Here are five things you must know for Tuesday, Oct. 17: 

1. -- U.S. stock futures suggested Wall Street would open mixed on Tuesday, Oct. 17, after Morgan Stanley (MS) - Get Report   and Goldman Sachs Group Inc. (GS) - Get Report beat analysts' earnings estimates and as investors awaited a report from tech giant International Business Machines Corp. (IBM) - Get Report .

Morgan Stanley reported third-quarter earnings of 93 cents as share, beating estimates by 12 cents. Revenue in the quarter was $9.2 billion vs. analysts' expectations of $9.02 billion. The stock gained 1.3% in premarket trading.

Goldman Sachs earned $5.02 a share in the third quarter, smashing estimates of $4.17. Goldman shares rose 1.5%.

Johnson & Johnson (JNJ) - Get Report  rose 1.4% in premarket trading on Tuesday after the consumer products and healthcare giant reported third-quarter earnings that topped expectations and raised its full-year outlook. UnitedHealth Group Inc. (UNH) - Get Report   posted third-quarter profit that beat Wall Street's predictions but revenue came in just shy of forecasts. The stock rose 1.5% in premarket trading.

The economic calendar in the U.S. on Tuesday includes Import and Export Prices for September at 8:30 a.m. ET, and Industrial Production for September at 9:15 a.m.

Stocks on Monday, Oct. 16, closed at fresh record highs as gains in Apple Inc. (AAPL) - Get Report led markets higher.

The Dow Jones Industrial Average gained 0.37%, putting the blue-chip index at a new closing record and within 50 points of 23,000, a level it has never seen before. The Nasdaq increased 0.28% and secured an all-time closing high for its second session in a row. The S&P 500 also scored a new record but by mere points, rising 0.18%. 

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2. -- Netflix Inc. (NFLX) - Get Report  reported third-quarter earnings and sales that topped Wall Street forecasts, added 5.3 million new subscribers worldwide, and said it plans to spend between $7 billion and $8 billion on content in 2018, up from the $6 billion it will spend this year.

Netflix shares were gaining 1.6% in premarket trading.

Netflix said it already has committed to spend $17 billion over the next several years on content, and noted that its original content budget continues to swell each year.

"Our future largely lies in exclusive original content that drives both excitement around Netflix and enormous viewing satisfaction for our global membership and its wide variety of tastes," the company wrote in its third-quarter letter to shareholders released on Monday. "Our investment in Netflix originals is over a quarter of our total P&L content budget in 2017 and will continue to grow."

3. -- SoftBank Group Corp.'s (SFTBY) investment in Uber Technologies Inc. could be agreed upon within a week, said Arianna Huffington, a board member of the ride-sharing company, CNBC reported.

Softbank is seeking to invest $10 billion in Uber but talks have hit roadblocks as both sides are yet to decide on the pricing of shares, CNBC noted.

Huffington said a deal would come "very likely in the next week."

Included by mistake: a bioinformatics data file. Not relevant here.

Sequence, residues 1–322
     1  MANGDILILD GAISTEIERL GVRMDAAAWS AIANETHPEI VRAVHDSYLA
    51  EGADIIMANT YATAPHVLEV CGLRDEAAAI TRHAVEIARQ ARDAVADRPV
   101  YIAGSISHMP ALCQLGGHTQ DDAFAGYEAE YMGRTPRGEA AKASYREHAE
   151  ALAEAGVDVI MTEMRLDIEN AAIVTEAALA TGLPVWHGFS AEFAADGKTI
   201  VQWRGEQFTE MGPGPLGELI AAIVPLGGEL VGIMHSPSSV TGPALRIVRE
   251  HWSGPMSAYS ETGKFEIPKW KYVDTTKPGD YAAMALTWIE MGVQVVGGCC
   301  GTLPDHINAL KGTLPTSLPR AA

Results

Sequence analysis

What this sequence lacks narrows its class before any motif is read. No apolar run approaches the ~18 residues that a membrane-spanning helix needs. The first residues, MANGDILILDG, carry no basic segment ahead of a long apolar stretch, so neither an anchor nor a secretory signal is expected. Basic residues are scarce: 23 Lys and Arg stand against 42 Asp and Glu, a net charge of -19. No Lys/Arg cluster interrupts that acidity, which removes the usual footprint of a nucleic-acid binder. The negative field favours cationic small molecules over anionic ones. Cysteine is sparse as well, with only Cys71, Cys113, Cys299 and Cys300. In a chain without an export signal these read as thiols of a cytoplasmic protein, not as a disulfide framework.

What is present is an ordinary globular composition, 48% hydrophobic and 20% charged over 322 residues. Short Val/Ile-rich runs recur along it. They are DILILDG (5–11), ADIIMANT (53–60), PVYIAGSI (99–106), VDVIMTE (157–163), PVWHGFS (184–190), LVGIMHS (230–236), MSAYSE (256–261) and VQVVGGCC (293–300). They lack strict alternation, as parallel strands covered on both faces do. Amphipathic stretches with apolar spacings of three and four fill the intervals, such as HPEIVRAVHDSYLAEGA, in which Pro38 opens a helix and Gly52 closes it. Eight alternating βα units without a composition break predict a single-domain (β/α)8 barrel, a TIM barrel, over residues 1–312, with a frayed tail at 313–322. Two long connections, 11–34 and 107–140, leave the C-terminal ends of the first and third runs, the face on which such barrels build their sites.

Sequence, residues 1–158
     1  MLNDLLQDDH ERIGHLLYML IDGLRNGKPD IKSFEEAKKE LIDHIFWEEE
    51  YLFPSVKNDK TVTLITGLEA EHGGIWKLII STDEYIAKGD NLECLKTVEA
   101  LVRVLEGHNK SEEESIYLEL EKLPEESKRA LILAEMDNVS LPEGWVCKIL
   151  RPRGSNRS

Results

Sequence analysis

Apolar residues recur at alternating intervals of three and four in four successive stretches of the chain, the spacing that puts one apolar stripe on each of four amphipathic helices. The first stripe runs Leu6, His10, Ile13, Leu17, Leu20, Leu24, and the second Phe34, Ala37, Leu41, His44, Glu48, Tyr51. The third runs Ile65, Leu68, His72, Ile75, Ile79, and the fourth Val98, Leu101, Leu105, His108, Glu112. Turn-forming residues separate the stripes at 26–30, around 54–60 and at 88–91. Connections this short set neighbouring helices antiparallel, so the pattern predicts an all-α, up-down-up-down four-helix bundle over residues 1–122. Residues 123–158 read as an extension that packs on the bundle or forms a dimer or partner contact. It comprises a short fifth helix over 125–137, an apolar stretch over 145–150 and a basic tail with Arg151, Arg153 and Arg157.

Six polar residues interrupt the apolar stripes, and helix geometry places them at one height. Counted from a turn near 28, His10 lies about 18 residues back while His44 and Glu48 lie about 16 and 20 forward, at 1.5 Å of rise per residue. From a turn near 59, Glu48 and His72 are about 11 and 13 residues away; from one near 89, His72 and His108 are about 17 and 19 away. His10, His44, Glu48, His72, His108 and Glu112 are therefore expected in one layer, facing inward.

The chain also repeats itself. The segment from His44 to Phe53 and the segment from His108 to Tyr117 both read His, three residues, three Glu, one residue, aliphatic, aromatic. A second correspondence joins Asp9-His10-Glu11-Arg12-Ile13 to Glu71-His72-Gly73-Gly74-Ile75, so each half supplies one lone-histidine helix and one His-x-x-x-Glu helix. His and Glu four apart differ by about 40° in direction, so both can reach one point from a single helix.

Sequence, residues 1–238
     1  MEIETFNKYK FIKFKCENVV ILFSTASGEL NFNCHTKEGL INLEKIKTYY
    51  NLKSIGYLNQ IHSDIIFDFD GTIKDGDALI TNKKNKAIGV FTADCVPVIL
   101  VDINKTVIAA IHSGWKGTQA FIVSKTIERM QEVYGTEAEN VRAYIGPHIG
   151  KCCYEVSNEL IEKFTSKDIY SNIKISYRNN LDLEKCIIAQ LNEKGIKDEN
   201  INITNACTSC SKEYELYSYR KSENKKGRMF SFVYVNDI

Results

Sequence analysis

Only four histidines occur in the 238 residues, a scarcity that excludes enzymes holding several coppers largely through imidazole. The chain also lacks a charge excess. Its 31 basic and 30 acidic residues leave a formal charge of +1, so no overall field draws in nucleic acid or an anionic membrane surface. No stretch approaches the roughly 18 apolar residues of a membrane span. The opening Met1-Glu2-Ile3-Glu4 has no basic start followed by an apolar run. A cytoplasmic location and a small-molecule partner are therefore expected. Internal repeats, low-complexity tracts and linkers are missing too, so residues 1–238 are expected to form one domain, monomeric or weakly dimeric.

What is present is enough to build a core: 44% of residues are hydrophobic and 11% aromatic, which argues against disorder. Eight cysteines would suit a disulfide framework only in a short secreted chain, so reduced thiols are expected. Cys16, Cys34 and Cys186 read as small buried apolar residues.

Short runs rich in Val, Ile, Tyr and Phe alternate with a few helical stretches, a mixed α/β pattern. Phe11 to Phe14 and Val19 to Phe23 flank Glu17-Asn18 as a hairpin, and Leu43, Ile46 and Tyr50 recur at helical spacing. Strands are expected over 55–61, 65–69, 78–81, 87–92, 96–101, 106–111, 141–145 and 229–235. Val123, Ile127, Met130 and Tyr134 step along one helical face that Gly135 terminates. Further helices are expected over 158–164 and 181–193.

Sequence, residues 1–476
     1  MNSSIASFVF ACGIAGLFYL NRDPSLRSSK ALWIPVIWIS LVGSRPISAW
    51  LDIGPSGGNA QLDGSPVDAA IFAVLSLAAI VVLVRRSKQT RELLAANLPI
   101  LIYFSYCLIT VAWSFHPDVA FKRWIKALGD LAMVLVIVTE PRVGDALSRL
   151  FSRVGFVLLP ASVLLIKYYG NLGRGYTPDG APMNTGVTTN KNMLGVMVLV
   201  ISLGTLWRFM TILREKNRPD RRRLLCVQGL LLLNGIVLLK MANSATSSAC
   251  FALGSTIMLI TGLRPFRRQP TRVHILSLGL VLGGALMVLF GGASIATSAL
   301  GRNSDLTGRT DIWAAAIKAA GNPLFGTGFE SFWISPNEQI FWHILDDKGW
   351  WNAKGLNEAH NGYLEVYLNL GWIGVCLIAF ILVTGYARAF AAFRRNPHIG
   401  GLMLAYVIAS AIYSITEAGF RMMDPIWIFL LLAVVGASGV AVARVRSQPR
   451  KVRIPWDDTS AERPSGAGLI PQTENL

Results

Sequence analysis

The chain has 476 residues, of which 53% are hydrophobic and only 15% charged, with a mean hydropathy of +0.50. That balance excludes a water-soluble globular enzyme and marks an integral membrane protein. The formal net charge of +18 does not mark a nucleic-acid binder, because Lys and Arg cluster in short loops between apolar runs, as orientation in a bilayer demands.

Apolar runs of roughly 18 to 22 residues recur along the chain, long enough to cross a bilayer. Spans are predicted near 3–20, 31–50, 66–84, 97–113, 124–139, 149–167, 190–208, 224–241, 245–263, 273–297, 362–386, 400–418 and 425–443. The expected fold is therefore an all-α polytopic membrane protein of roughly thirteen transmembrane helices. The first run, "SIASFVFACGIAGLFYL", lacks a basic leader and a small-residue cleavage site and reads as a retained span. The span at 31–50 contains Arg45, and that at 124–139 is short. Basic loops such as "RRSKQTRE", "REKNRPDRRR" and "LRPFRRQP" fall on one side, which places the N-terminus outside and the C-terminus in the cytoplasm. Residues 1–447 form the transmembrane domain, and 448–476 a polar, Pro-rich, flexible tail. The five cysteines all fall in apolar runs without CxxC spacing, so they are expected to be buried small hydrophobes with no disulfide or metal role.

"We are waiting at the moment on what is going to transpire in terms of the price," Huffington said Monday at the WSJ D.LIVE conference in California.

4. -- Shares of Credit Suisse AG (CS) - Get Report  were rising 0.4% in premarket trading in the U.S. after Swiss-based activist investor RBR Capital Advisors confirmed it had taken a stake in the investment bank and is speaking to management about potential changes to its structure and strategy.

The confirmation followed a report from the Financial Times that said  RBR was looking to press Credit Suisse toward a plan that would see it split into three groups focused on private wealth management, asset management and investment banking. RBR Capital officials were not immediately available for comment when contacted by TheStreet on Tuesday.

5. -- Kobe Steel Ltd.  (KBSTY) said Tuesday the U.S. Department of Justice has requested documents related to its ongoing data falsification scandal that reports indicated may have begun more than a decade ago.

The company said it would co-operate with U.S. authorities in the probe, which has impacted some 500 customers of Japan's third-largest steel company, including automakers Ford Motor Co. (F) - Get Report and General Motors Co.  (GM) - Get Report as well as planemaker Boeing Co. (BA) - Get Report as the scandal deepens.

"Kobe Steel USA Inc., a U.S. subsidiary of Kobe Steel, Ltd. received a document from the U.S. judicial administrative authority requesting the production of documents related to non-conformity with the specification of products sold by the company, the U.S. subsidiary or our affiliated companies to U.S. customers," Kobe Steel said in a statement. "The company and its subsidiaries will sincerely cooperate with the investigation."

"The effect this incident will have on the company's business performance is unclear at this time," the statement added. "The company plans to make another announcement when the extent of the impact becomes clear."

Japan's Nikkei business daily said earlier this week that data control issues related to the quality of Kobe's steel, copper and aluminium shipments were found as far back as 2007 as part of the company's probe into the scandal. Around 500 of the company's customers have been impacted, the company has admitted, although none have reported safety concerns or sought resale agreements.

This story has been updated to include earnings from Goldman Sachs.

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